I'm a fiend for short fiction, and Doctorow's [b:Overclocked: Stories of the Future Present|115969|Overclocked Stories of the Future Present|Cory Doctorow|http://photo.goodreads.com/books/1171719071s/115969.jpg|111691] is a thought-provoking collection of stories, often focused on intellectual property issues (it's more fun than it sounds).

I, Row-Boat and After the Siege were two favorites, though all the stories have something to recommend them.

My only complaint is that Doctorow is sometimes so eager to prove a point that he occasionally short-changes the story itself, or crosses that fine line between smart and preachy.

That said, this is a wonderful collection, and well worth your time. ( )
  TCWriter | Mar 31, 2013 |
Anche questo testo è ovviamente disponibile for free sul sito dell'autore che, come ricordo in ogni recensione, pubblica praticamente tutto sotto licenza Creative Commons.

Raccolta di racconti di qualità varia, di alcuni però vale decisamente la pena di recuperarli e leggerli.
Printcrime - ★★
Racconto brevissimo che evolve il concetto di stampanti 3D a replicatori di oggetti; contiene comunque i concetti cari all'autore.

I, robot - ★★★
Questo racconto è sia bello che scadente: è bello perchè si vede il desiderio dell'autore di avere un mondo digitale libero, è scadente perchè non lascia spazio alle opinioni (del lettore).
E' anche un omaggio ad Asimov, ai suoi robot dal cervello positronico e alle più famose leggi della fantascienza.

After the siege - ★★★★★
Questo racconto è disponibile anche in italiano come "Infoguerra".
La storia si ispira ai racconti sull'assedio di Leningrado che la nonnna raccontava all'autore; ovviamente il tutto è trasposto in chiave futuristica.
Nella città sotto assedio la tecnologia, più o meno velocemente, smette di funzionare e c'è la fame e ci sono i nemici alle porte.
Allora si inizia a combattere: la protagonista, Valentine, ancora una bambina, vedrà i genitori andare a combattere e dovrà lavorare per sfamarsi; un giorno però incontrerà un Mago, nella città, che vive in un'oasi dove tutto sembra essersi fermato a prima della guerra.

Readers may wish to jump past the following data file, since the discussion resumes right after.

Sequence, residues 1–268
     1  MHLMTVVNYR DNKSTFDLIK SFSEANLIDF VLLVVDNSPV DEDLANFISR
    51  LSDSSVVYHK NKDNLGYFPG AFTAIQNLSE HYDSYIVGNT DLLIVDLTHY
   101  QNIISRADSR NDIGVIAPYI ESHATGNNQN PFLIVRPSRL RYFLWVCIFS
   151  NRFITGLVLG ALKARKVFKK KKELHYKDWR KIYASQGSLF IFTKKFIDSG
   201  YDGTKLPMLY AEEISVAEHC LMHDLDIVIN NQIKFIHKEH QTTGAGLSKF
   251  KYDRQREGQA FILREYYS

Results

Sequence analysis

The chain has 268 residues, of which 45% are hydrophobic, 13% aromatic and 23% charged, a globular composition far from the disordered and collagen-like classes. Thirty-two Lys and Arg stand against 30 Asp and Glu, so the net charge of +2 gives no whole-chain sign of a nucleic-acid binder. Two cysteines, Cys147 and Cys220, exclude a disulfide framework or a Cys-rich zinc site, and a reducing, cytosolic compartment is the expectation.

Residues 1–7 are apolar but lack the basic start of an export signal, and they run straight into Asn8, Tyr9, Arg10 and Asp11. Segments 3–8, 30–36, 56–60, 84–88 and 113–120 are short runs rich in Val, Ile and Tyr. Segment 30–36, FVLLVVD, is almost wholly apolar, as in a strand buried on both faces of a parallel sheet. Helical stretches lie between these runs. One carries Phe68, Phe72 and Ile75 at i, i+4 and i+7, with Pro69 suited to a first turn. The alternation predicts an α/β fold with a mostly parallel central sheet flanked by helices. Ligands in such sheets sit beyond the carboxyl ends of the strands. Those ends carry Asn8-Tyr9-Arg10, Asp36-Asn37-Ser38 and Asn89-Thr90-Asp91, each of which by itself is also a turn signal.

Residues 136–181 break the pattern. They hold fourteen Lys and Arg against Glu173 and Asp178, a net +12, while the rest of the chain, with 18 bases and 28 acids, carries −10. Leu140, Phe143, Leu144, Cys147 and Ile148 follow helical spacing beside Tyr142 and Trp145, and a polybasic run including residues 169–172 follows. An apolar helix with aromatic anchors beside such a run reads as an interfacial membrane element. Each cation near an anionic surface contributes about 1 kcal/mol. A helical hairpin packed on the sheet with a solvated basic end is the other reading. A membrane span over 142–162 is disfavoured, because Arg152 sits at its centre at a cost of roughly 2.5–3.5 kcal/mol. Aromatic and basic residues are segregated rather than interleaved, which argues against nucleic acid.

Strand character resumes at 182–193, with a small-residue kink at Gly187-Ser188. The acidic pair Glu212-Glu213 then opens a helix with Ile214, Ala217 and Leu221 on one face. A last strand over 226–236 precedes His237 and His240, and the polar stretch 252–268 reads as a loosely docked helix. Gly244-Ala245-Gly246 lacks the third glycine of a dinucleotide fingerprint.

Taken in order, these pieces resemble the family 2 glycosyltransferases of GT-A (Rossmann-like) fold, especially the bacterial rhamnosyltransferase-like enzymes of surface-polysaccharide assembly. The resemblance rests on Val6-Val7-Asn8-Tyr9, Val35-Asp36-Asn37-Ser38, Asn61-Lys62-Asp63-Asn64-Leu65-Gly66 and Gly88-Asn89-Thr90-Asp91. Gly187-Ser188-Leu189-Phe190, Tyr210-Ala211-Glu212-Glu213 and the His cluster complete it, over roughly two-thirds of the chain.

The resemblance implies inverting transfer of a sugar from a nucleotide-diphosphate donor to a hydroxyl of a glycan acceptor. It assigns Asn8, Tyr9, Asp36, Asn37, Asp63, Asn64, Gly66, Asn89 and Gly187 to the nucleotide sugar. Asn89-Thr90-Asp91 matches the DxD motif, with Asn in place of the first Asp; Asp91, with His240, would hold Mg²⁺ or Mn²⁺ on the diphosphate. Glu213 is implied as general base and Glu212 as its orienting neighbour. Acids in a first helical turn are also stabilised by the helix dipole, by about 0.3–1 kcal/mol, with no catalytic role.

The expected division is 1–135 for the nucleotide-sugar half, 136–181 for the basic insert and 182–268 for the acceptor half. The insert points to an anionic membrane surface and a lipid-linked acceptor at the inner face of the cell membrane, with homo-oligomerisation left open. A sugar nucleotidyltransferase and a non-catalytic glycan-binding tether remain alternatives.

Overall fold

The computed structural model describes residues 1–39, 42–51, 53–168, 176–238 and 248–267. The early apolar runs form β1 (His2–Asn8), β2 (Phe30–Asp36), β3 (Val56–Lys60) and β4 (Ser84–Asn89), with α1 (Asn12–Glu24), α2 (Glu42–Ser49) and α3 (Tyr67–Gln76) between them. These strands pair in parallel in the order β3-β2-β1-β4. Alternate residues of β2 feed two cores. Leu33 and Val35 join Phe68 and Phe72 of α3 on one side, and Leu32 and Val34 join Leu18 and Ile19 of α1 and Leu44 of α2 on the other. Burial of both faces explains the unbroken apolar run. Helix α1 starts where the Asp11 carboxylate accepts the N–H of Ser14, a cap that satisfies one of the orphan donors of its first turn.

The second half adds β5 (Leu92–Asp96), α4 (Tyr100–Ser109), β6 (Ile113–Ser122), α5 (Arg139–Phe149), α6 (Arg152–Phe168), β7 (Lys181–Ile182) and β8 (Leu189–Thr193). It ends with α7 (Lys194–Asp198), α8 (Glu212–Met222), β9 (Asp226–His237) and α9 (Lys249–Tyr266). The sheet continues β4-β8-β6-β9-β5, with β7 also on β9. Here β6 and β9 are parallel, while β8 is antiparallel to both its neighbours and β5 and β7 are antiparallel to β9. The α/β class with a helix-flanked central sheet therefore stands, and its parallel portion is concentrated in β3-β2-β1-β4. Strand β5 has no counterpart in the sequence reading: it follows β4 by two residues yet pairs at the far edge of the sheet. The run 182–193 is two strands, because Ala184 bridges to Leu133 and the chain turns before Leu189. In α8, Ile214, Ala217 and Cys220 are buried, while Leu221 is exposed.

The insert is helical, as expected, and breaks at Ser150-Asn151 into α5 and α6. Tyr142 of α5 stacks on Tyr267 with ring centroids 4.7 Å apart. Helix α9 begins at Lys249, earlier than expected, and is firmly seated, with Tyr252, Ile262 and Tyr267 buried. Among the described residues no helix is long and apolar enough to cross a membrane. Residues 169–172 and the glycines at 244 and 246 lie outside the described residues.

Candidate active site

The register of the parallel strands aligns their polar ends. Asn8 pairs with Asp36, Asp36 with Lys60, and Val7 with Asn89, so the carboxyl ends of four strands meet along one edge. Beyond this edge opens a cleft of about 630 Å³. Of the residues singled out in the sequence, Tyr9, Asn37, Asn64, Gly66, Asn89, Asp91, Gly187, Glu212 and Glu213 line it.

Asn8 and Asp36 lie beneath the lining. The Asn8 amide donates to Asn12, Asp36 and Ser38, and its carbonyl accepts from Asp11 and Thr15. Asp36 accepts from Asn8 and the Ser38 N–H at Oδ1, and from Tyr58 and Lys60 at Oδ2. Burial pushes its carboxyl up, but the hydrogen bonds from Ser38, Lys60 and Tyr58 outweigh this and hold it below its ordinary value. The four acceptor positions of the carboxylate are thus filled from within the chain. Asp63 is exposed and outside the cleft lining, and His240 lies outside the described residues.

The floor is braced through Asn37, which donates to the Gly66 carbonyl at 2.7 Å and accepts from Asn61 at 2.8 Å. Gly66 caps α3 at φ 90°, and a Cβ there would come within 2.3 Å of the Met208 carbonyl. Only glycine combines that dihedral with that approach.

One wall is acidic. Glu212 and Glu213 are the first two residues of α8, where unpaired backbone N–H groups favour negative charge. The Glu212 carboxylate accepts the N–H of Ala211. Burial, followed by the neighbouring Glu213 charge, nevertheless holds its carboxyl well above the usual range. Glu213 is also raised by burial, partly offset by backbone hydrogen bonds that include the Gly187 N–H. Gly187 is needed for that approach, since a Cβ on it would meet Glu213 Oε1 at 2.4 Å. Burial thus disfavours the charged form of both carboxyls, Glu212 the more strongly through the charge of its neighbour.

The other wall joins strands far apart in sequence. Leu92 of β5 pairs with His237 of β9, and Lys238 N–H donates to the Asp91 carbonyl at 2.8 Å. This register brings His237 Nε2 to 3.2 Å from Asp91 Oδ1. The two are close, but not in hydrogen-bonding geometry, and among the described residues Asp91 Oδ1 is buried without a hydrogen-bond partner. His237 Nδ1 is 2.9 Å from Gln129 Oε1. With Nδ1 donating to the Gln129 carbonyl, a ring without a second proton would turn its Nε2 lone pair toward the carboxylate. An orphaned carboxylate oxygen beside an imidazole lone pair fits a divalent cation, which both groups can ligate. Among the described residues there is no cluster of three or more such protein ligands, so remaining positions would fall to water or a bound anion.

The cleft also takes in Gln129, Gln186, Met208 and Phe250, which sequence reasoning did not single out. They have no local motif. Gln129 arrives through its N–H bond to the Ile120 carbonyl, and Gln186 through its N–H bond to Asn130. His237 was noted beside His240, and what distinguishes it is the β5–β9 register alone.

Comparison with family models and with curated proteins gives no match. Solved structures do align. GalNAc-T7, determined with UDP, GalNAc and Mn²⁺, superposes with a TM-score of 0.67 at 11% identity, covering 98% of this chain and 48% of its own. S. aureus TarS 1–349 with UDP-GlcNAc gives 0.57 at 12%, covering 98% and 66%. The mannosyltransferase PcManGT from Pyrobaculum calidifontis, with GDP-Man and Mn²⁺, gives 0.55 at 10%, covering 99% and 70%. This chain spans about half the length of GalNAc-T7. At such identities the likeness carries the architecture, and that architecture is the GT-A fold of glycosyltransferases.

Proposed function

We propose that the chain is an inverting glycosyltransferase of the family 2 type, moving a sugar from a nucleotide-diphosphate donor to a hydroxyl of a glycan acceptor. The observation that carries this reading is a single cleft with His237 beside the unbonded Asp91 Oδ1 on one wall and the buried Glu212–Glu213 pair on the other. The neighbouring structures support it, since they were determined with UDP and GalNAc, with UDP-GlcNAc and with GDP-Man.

Oltre a riportare in vita la memoria di un assedio realmente avvenuto, Doctorow porta anche a far riflettere su guerra, tecnologia e media.
Un racconto da leggere.

Anda’s Game - ★★★
Questo è un assaggio delle idee che verranno poi ampliate in "For the Win". Il racconto ruota intorno al tema dei goldfarmers e alla contrapposizione tra paesi ricchi e poveri.
E' un racconto per certi versi semplicistico; se si è letto anche "For the win" il confronto non potrà mai reggere, anche per via del buonismo del racconto.

When Sysadmins Ruled the Earth - ★★★
E dopo l'apocalisse resteranno i system admin (principalmente perchè impegnati a sistemare server e altre amenità informatiche in edifici più protetti).
Questo racconto sottolinea le potenzialità e i difetti di Internet, e ancora una volta il sogno di un web libero da cui derivi una vera democrazia anche nel mondo reale.

I, row-boat - ★★★★
Un racconto molto particolare, in cui gli omaggi a Asimov la fanno da padroni: per prima cosa il titolo, poi Robbie, la barca protagonista e le più famose leggi della robotica.
Tutto però è stravolto: le leggi da programmazione sono diventate una religione e non si è obbligati a seguirle, e poi perchè seguirle? Gli esseri umani non esistono più, rimane solo la loro coscienza che può essere scaricata in robot umanoidi (ah che nostalgia ghost in the shell) interessati a particolari attività (come le immersioni).
Anche il cattivo è tutto particolare: chi avrebbe mai immaginato tanta malvagità in uno degli esseri più passivi al mondo?
( )
  Saretta.L | Mar 31, 2013 |
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Contains the following short stories:

Printcrime

When Sysadmins Ruled the Earth

Anda's Game

I, Robot

I, Row-Boat

After the Seige

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"In Cory Doctorow's new collection of stories, he offers up mind-bending science-fiction tales that explore the possibilities of information technology - and its various uses - run amok. "Anda's Game" is a spin on the bizarre new phenomenon of "cyber sweatshops, " in which people are paid very low wages to play online games all day in order to generate in-game wealth. "When Sysadmins Ruled the Earth" tells of the heroic exploits of "sysadmins" - systems administrators - as they defend the cyber-world, and hence the world at large, from worms and bioweapons."--BOOK JACKET.… (more)